|Channel Volume||★ Normalized||All over the map|
|Standard Definition Channel Quality||★ Digital, very good||Analog, borderline unwatchable|
I have decided to tolerate this Comcast box with Microsoft interface until a more Tivo-like product is available, but I’m definitely not happy about it. I also worry about DirecTV’s impending HD push because they’re offering their own box instead of a Tivo-powered one. That Tivo isn’t just owning every living room in America right now is a sad, sad tragedy. Here’s a message to Comcast, DirecTV, Dish Network, Microsoft and any other company trying to control my living room:
Make it harder for me to watch TV and I’ll watch less TV. Make it easier and I’ll watch more.
After checking out B. Adam Howell’s excellent IYHY.com site a couple of weeks ago, I thought it might be a good idea to write a little tutorial about how to make your entire site more mobile-friendly without even touching your pages. You may think that since you write valid code and separate structure from presentation at all times, your site already works great on mobile devices. You may also think bad things don’t happen to good people. In both cases, you’d be wrong.
What’s really needed until HTML/CSS/JS support is improved in mobile devices is a little server-side filtering. By pulling out everything a mobile device can possibly choke on before it even gets to the mobile device, we can create a mobile version of our site which is not only viewable on more devices but is much quicker to download as well.
And you know what? The mobile version of your site is probably going to be much easier on screenreaders too.
Outlined below are the four steps to get this done in a matter of minutes, provided you are in an Apache environment and can run PHP. If you’re not, these steps can easily be adaptable to other technologies.
I know I’m an old man already at 30, but I think the last music video I watched was something from Christina Aguilera’s Slut-Yourself-Rich period a couple of years ago. Even then, I’m pretty sure I only watched the whole thing because I thought she was going to violate the “no live sex on TV” rule in front of my very eyes. Well, she didn’t, and I haven’t watched a music video since.
… which makes me wonder about all this talk of Apple’s alleged plans to sell music videos for display on iPods.
Is this really a viable market? I don’t think it is. The amount of music videos Apple will sell is probably much less than 1% of the amount of audio tracks they will sell, so it’s clearly not the reason the company is adding video capabilities to their iPods. More likely, it is a way to ease iPods with video capabilities into circulation until Apple has more compelling content to offer.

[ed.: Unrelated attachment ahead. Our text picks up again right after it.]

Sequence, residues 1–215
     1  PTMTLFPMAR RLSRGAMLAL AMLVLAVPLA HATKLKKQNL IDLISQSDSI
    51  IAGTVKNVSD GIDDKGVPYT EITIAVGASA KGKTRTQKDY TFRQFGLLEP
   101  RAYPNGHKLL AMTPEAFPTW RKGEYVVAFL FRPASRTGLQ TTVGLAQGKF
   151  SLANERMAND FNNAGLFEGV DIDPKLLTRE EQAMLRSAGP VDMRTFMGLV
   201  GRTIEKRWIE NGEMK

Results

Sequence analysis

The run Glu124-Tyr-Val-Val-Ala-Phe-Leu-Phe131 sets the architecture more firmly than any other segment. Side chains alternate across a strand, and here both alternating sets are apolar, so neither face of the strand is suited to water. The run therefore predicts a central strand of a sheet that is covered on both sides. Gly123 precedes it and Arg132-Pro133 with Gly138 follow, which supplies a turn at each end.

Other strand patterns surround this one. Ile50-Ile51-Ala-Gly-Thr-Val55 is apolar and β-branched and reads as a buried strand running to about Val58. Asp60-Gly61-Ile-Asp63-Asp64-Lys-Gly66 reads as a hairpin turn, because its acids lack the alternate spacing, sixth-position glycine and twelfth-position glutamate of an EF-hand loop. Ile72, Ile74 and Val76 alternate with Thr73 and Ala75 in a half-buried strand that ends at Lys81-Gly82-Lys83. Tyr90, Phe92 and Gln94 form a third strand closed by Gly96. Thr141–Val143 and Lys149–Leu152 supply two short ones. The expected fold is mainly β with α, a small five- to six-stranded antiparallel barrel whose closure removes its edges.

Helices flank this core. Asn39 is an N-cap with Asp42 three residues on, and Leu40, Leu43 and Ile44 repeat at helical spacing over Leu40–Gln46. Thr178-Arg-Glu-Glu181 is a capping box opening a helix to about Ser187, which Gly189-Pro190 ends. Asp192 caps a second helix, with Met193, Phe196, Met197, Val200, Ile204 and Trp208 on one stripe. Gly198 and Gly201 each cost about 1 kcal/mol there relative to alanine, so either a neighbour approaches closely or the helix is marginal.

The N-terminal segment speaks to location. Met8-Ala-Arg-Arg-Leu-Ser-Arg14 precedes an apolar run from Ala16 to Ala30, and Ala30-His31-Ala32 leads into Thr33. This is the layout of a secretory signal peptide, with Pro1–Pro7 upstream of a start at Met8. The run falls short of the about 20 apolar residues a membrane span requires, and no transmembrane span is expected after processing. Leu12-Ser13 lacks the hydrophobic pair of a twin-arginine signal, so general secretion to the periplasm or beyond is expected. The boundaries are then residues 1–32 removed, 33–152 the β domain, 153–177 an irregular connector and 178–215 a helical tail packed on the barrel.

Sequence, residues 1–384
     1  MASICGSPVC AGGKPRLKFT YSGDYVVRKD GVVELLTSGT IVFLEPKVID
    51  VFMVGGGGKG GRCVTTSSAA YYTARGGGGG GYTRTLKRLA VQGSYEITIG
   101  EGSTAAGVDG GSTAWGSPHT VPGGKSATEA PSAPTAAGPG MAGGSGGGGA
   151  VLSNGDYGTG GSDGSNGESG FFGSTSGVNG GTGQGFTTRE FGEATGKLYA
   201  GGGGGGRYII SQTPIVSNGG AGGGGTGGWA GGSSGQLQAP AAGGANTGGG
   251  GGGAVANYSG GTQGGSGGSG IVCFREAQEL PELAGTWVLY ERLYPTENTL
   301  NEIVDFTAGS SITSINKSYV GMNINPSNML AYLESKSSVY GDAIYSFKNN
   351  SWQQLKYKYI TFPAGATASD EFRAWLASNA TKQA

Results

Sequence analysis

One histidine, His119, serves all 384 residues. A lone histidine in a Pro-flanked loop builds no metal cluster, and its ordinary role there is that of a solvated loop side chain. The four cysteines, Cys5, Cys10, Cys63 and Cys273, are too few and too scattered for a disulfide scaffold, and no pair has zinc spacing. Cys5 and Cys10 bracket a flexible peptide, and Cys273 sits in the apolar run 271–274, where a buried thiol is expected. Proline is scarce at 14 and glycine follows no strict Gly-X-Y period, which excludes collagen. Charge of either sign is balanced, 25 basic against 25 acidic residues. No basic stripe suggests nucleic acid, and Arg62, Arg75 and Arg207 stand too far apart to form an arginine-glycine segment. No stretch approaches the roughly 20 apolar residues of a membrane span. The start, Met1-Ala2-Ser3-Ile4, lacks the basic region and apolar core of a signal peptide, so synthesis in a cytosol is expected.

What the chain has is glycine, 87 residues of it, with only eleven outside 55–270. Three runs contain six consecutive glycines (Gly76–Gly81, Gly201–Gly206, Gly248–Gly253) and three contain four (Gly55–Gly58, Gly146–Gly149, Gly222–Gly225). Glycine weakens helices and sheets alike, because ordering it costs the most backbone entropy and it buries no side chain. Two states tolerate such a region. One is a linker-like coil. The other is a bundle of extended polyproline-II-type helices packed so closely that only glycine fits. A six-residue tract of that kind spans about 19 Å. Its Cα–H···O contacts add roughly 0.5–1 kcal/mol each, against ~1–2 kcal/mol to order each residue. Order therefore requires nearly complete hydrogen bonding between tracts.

Conventional wisdom says the real money is in movie distribution, and while I agree to a point, there are so many issues being negotiated behind the scenes that it is understandable why this hasn’t materialized yet. Working at Disney for the past five years, I can’t even begin to tell you how long the chain of rights is to negotiate with regards to theatrical releases. The single biggest achievement of the iTunes Music Store was not the interface, the distribution, or the selection of music… it was the negotiating of rights by Steve Jobs. Jobs offered each music label the exact same deal, and being the most charismatic technology figure in the world (probably ever), he convinced them all to take it. Doing the same thing in the movie world isn’t impossible, but it’s going to be much much harder.
That’s also to say nothing of DRM issues in the video world. If you’re wondering why Microsoft is the only company in the world with industrial-strength video DRM right now, it’s largely because they settled a lawsuit with InterTrust about a year ago for $440 million putting them in the clear of any DRM-related lawsuits. Many companies are afraid to infringe on InterTrust’s patents right now, and Apple may or may not be one of them. If Apple feels they can create video DRM without infringing, they will. If they don’t, they will either have to sit on the sidelines or license.